While the nation continues to grapple with last Friday's terror attacks in Christchurch, one of the most pressing questions for parents is likely: how do I explain this to my kids?

Child trauma specialist Nathan Mikaere-Wallace spoke to ZM's Fletch, Vaughan and Megan this morning to share his tips around what children should know versus what Vaughan described as "a lot of unnecessary weight to put on children."

Mikaere-Wallace teaches neuroscience and has spent 15 years working with children who have been through traumatic experiences. He says there are two crucial steps when discussing something like the mosque attacks with your kids.

"First, you've got to validate," Mikaere-Wallace tells the ZM hosts. "You have to validate their emotions; that it's normal to feel that way, that it's normal to be a bit scared. Other people are scared as well."

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He says there's "no point denying the emotion because that just makes the emotion increase".

To do this, you've got to "name it out loud", telling your child: "Yup, that was a really scary thing to have happen."

But it's important to then instil some resilience by way of positive details from the incident. In this case, Wallace suggests saying: "'The police responded really quickly and the bad man's in jail.'

"If you, as a parent are like, 'yup, this is really tragic but I know we're going to rise above this,' that gives them security."

He says turn the focus to talking about "the heroes", the servicemen and women and people who helped, "so kids are left with a sense of hope".

ZM host Vaughan, who has two young daughters, notes how instinctive children are when it comes to picking up on parents' emotions. Mikaere-Wallace agrees, adding it's important to make the distinction between off-loading your concerns onto your children and explaining the need-to-knows.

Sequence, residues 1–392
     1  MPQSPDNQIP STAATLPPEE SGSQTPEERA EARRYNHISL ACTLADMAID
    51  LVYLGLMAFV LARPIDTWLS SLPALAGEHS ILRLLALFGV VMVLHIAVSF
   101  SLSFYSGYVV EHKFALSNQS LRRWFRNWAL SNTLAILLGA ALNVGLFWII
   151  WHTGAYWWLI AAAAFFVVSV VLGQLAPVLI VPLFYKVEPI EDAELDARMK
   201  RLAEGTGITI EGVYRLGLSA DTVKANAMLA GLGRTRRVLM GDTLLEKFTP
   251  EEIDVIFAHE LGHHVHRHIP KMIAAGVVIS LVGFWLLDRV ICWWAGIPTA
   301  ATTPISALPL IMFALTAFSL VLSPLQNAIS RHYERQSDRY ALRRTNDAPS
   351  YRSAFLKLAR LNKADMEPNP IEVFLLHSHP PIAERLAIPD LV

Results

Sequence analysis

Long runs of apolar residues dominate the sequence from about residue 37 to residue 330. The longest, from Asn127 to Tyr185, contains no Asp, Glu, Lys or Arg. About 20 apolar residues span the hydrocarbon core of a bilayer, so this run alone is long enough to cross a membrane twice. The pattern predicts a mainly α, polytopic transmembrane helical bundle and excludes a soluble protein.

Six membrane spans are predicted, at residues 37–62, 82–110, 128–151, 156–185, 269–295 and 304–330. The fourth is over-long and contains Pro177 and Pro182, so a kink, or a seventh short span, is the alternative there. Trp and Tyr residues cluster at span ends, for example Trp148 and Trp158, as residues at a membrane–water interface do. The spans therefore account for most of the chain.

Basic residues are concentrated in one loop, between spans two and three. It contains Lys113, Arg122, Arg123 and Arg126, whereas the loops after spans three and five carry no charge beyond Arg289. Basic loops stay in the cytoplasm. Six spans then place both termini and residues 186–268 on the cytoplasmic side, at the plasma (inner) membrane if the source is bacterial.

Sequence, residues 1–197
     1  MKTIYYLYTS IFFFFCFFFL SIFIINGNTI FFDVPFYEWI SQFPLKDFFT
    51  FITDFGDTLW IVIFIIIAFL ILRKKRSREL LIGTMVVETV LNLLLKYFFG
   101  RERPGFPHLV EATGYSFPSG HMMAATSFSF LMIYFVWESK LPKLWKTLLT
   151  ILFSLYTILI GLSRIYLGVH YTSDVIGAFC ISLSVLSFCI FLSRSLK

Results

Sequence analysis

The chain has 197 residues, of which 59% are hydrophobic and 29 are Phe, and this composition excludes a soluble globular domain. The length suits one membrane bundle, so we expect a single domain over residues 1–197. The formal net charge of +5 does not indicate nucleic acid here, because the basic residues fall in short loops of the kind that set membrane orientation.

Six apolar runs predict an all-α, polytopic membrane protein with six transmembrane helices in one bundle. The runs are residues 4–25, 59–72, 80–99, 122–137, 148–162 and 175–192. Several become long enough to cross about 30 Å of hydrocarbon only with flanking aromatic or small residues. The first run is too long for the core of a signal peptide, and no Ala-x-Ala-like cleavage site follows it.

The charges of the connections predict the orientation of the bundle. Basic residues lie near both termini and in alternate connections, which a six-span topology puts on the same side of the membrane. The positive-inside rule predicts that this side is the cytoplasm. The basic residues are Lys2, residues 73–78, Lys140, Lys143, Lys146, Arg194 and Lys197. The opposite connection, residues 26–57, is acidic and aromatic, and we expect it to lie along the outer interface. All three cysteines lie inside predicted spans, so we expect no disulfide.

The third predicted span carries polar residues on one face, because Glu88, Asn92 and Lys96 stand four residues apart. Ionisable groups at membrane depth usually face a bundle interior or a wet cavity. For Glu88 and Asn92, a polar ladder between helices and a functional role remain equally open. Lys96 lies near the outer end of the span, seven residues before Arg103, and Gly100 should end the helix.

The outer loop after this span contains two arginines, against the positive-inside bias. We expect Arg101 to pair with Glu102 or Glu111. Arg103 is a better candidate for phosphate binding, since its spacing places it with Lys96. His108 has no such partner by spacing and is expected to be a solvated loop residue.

The amount of information you should discuss should be based on their developmental understanding too, rather than their age, specifically.

"It's not so much that there's a certain age, the parents will know that."

Mikaere-Wallace shared that his grandson, 4, was staying with him over the weekend and he chose to tell him the bare minimum about the incident.

"All he knew was there was a bad man with a gun. I'm not going to talk to him about Muslim faith, I'm just going to say, 'yup, there was a bad man with a gun but the police caught him really really quickly and he's in jail and now everybody's helping all the people that are sad'. And that's the only explanation I have to give to a 4-year-old."

Mikaere-Wallace says it's a time where families should make an effort to be together and suggests getting outside and playing with your kids.

"The way the brain works is something like this sort of speeds up the brain ... so that puts them into survival brain. So what you've got to do is slow down the kid's internal clock. And that's not through video games and media and everything coming at them full on. That's through playing Monopoly, and going outside and playing, interacting with people."